My first ever audiobook! I know I’m so late to the party here – I remember hearing Stephen Fry’s Harry Potter audiobooks in my friend’s dad’s car when we were teenagers – but what can I say, I like to let ideas grow on me. James does most of his “reading” via audiobook, but a lot of the snippets I’ve heard have put me off because his picks tend to be from the fantasy and sci fi genres, and the voice actors seem to me to get a bit carried away with giving the characters different and OTT voices.
When I bought the Station Eleven Kindle edition on Amazon though, there was an offer to add the audio version for only an extra £1 or 2. I listened to the sample, and lo and behold, the guy seemed to just be reading the story! Hurrah! I really enjoyed both the novel itself and the audiobook experience – I’ve been converted.
Station Eleven is a dystopian novel, set both during and 20 years after the collapse of civilisation, brought about by a deadly flu virus. The book flits back and forth between these two timelines, several characters, and a few different locations. To begin with, this made it feel like a series of random, snapshot scenes, and when I was around halfway or even two thirds of the way through, James asked me how I was finding it, and I said it was good, but that there wasn’t really much of a plot. At that point, it reminded me of the musical Cats – I loved the songs and the costumes, but I came out of the theatre disappointed because I felt like they’d just set the scene and not much else.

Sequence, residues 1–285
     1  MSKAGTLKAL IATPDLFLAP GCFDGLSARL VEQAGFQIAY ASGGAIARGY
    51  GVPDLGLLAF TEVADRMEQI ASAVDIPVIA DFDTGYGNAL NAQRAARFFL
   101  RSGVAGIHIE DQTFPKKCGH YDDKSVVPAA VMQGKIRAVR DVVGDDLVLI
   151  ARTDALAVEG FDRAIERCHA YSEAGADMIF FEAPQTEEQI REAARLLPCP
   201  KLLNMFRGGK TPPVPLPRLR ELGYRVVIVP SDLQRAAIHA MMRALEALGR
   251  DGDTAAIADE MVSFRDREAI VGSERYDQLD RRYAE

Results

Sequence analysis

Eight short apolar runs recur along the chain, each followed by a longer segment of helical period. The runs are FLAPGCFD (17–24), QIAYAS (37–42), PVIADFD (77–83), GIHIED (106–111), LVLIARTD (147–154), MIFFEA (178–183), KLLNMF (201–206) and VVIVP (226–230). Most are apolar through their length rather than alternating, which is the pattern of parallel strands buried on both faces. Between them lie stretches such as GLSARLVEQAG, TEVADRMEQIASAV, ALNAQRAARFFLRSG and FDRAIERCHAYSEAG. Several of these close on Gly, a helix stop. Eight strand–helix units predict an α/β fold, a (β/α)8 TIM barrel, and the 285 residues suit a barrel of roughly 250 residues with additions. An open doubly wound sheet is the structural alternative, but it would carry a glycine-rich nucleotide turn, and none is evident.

In Station Eleven though, piece by piece, the characters’ stories intertwine, and momentum starts to build. Because the book keeps going back to the same events – not only from different characters’ perspectives, but also the same characters experiencing them real time, remembering them later, and talking to others about them – it gives the impression that nothing new is happening, and I think that was compounded in the audiobook by the calm narration. This is no bad thing though, as it made the later parts of the book feel all the more dramatic, when the pace accelerates, and I was surprised and satisfied by the last few pieces in the puzzle.
The book is certainly a slow burner, but as a result the characters are very well fleshed out, and I felt like I knew and understood them by the end. Emily St John Mandel also paints a thorough picture of life, both as we know it, and how it could be if most of the human race were suddenly wiped out. It was refreshing to find a post-apocalyptic story with no zombies – one of the characters even mentions this at one point!
A perfect autumn read – curl up with this one on a rainy day and let it take you away.
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